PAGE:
The powder of the seed of Fennel drunk for certain days together fasting preserveth the eye-sight....

The green leaves of Fennel eaten, or the seed drunk made into a Ptisan, do fill womens breasts with milk.

The decoction of Fennel drunk easeth the pains of the kidneys, causeth one to avoid the stone, and provoketh urine.

The roots are as effectual, and not only good for the intents aforesaid, but against the dropsy also, being boiled in wine and drunken.

Fennel seed drunk assuageth the pain of the stomach, and wambling of the same, or desire to vomit, and breaketh wind.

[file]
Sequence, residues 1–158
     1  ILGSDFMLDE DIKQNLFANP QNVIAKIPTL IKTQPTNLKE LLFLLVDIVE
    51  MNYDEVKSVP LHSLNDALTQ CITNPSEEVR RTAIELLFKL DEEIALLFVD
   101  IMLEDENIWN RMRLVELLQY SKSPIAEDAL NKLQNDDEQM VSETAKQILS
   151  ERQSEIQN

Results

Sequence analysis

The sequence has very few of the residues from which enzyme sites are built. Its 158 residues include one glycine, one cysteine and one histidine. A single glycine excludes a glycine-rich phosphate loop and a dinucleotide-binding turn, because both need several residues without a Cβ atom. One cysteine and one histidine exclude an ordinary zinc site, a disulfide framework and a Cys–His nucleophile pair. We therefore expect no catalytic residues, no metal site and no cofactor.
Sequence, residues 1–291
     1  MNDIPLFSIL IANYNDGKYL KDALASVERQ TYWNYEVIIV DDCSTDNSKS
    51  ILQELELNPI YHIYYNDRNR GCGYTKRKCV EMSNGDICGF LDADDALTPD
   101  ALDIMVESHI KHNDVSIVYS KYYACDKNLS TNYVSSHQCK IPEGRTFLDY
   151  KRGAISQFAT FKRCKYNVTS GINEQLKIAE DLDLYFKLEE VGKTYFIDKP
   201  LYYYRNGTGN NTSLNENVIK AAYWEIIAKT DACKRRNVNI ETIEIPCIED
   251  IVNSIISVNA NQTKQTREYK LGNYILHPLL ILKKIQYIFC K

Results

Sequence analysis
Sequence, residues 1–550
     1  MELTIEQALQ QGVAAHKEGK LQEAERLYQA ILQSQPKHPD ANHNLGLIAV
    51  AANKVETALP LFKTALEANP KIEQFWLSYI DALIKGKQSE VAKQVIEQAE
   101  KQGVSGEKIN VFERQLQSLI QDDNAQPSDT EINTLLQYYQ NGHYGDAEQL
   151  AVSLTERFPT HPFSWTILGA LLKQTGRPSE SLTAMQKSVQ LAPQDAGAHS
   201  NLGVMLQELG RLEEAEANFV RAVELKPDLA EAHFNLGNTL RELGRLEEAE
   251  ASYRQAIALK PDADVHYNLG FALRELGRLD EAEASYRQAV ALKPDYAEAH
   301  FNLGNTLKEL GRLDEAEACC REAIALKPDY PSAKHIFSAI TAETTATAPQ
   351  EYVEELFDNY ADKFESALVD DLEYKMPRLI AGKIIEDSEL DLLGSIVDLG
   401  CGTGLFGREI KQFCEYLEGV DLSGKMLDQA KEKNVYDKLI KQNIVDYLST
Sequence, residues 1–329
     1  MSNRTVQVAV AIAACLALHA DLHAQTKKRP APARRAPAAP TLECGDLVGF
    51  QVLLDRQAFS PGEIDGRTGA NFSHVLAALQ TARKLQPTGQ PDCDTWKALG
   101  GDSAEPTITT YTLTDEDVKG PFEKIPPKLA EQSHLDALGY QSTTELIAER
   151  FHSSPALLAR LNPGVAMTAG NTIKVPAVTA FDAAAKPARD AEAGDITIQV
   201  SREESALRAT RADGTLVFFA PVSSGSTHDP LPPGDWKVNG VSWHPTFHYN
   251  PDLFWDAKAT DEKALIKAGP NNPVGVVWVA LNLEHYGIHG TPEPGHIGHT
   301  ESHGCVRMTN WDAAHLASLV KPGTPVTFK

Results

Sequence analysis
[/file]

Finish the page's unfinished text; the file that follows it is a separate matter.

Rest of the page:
The herb, seed, and root of Fennel are very good for the lungs, the liver, and the kidneys, for it openeth the obstructions or stoppings of the same, and comforteth the inward parts.

Gerard, p. 1032.

Wamble:  intr. To be qualmish, feel nausea. Oxford English Dictionary

Ptisan: A palatable decoction of nourishing and slightly medicinal quality; originally a drink made of barley, barley-water (simple or with admixture of other ingredients); now often applied more widely. Oxford English Dictionary

Blackwell, Herbarium Blackwellianum emendatum, Pl.288. Courtesy of the Missouri Botanical Garden.

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